Placing a loved one into a nursing home is a difficult decision to make. When you finally decide to place a loved one into a home you expect that they will be treated with dignity and respect. However, when a loved one is injured in a nursing home it is a real abuse of the trust placed in the facility. Many times the abuse comes in poor medical care but there are other forms of abuse.
Abuse comes in many forms in nursing homes. We often hear about the physical, sexual, emotional, and financial abuse nursing home residents suffer, but we seldom hear about them being overmedicated or inappropriately medicated. According to a 157-page report, titled “They Want Docile’: How Nursing Homes in the United States Overmedicate People with Dementia,” published by Human Rights Watch (HRW), nursing homes across the U.S. are misusing antipsychotic drugs to control the behavior of elderly patients with Alzheimer’s and other forms of dementia.
The HRW study revealed more than 179,000 people in nursing homes in the U.S. are given antipsychotic drugs weekly, despite the absence of an appropriately diagnosed condition which would warrant the administration of an antipsychotic medication. HRW’s findings were based on visits to more than 100 nursing facilities in six states, and over 300 interviews with people living in facilities, their families, staff, long-term care and disability experts, government officials, and advocates.
“People with dementia are often sedated to make life easier for overworked nursing home staff, and the government does little to protect vulnerable residents from such abuse,” said Hannah Flamm, NYU School of Law fellow at Human Rights Watch. “All too often, staff justify using antipsychotic drugs on people with dementia because they interpret urgent expressions of pain or distress as disruptive behavior that needs to be suppressed.”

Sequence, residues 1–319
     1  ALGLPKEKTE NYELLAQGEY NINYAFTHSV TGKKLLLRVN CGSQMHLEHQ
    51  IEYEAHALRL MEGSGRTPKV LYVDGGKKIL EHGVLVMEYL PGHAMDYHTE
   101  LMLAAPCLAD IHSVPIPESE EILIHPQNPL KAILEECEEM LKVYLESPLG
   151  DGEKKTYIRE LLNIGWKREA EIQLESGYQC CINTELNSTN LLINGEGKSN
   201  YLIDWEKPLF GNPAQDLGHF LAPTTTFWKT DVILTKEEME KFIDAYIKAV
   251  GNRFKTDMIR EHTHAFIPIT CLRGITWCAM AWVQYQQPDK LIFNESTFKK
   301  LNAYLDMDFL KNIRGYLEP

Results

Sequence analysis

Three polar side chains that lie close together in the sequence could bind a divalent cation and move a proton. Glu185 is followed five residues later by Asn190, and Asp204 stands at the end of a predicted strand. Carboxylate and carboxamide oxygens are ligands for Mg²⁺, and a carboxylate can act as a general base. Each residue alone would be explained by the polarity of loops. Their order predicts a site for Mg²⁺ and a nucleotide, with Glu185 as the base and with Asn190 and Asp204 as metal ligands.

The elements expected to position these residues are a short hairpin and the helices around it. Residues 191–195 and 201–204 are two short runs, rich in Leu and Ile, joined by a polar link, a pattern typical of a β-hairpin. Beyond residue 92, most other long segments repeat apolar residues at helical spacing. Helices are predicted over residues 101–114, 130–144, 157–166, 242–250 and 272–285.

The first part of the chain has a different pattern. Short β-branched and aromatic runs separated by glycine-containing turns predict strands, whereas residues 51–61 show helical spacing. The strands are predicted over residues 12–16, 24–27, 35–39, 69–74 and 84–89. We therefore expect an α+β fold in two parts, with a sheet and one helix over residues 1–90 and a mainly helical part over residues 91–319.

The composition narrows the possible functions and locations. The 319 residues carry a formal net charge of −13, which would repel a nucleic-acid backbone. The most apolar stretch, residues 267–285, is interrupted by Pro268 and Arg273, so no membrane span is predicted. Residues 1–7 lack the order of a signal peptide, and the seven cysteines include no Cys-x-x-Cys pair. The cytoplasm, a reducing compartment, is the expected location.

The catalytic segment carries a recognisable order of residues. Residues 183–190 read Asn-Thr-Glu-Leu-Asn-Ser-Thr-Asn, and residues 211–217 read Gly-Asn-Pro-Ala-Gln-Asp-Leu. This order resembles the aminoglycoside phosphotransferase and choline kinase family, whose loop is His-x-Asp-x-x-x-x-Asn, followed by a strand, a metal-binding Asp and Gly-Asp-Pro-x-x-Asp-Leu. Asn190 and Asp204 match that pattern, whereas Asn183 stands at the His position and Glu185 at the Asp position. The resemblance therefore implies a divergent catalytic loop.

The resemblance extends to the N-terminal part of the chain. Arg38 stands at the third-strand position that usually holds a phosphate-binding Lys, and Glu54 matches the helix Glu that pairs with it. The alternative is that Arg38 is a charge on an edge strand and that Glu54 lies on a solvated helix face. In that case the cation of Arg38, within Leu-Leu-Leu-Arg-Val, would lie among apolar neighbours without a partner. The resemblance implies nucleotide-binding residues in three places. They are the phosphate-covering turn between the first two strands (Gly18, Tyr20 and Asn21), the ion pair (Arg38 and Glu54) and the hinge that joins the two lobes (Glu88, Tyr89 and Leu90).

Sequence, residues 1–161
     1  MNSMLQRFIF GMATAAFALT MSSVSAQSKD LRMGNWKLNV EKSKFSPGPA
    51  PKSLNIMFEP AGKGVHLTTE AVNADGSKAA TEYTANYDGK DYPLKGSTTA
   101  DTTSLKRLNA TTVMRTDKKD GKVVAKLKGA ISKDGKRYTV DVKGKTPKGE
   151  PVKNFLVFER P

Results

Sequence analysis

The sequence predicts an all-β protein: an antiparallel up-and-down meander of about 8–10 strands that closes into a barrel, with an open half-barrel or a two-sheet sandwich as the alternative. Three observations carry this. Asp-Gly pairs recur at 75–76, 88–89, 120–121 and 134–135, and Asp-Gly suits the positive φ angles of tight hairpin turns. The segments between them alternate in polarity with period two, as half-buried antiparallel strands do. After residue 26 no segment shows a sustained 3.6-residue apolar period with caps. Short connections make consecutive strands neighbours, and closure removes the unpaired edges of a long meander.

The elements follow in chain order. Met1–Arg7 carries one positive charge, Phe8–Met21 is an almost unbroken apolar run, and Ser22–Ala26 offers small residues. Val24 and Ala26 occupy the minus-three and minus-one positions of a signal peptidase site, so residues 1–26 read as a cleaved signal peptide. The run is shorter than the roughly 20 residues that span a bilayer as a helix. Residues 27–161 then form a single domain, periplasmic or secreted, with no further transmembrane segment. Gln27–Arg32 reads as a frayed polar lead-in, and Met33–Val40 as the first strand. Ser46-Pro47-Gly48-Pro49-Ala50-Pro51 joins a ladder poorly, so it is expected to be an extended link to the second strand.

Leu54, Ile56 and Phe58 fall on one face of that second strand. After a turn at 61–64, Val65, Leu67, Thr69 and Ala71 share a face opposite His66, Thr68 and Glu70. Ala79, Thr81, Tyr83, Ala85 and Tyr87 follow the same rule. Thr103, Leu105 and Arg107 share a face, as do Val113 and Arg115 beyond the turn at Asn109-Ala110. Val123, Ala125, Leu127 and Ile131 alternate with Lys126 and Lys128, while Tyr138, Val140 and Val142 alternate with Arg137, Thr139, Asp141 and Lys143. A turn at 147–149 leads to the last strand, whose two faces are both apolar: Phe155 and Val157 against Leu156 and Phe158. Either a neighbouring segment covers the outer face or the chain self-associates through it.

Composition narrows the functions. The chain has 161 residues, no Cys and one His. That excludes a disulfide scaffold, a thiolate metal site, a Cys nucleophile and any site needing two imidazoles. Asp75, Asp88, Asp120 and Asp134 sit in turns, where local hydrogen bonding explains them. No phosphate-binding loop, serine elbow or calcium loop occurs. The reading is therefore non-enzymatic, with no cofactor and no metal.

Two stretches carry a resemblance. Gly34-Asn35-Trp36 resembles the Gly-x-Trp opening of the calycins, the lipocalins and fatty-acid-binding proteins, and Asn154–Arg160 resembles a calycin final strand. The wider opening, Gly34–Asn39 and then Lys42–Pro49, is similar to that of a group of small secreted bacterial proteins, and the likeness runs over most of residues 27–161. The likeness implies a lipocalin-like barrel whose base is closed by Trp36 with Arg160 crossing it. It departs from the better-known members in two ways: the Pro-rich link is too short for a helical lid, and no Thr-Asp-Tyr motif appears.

Antipsychotic Drugs Contraindicated for Treatment of Dementia
Antipsychotics are not FDA approved for the treatment of any form of dementia, including Alzheimer’s. In fact, antipsychotic drugs come with a warning (colloquially known as a black box warning) stating that antipsychotics increase the risk for cardiovascular adverse events and is associated with the increased risk of death. “The harms associated with using these drugs in dementia patients are clear, yet clinicians continue to use them,” says Donovan Maust, M.D., M.S. (Antipsychotics, Other Psychotropics, and the Risk of Death in Patients With Dementia, JAMA Psychiatry, May 2015) “That’s likely because the symptoms are so distressing. These results should raise the threshold for prescribing further.”
Federal regulations require that nursing facilities inform residents of their treatment options and to give them the opportunity to refuse said treatment. However, in many states, skilled nursing facilities do not have to obtain written consent from a resident or family member to administer any drugs. (www.ltccc.org) According to HRW, in most instances, nursing home facilities administer antipsychotic drugs without obtaining informed consent from residents, their families, or other healthcare proxy.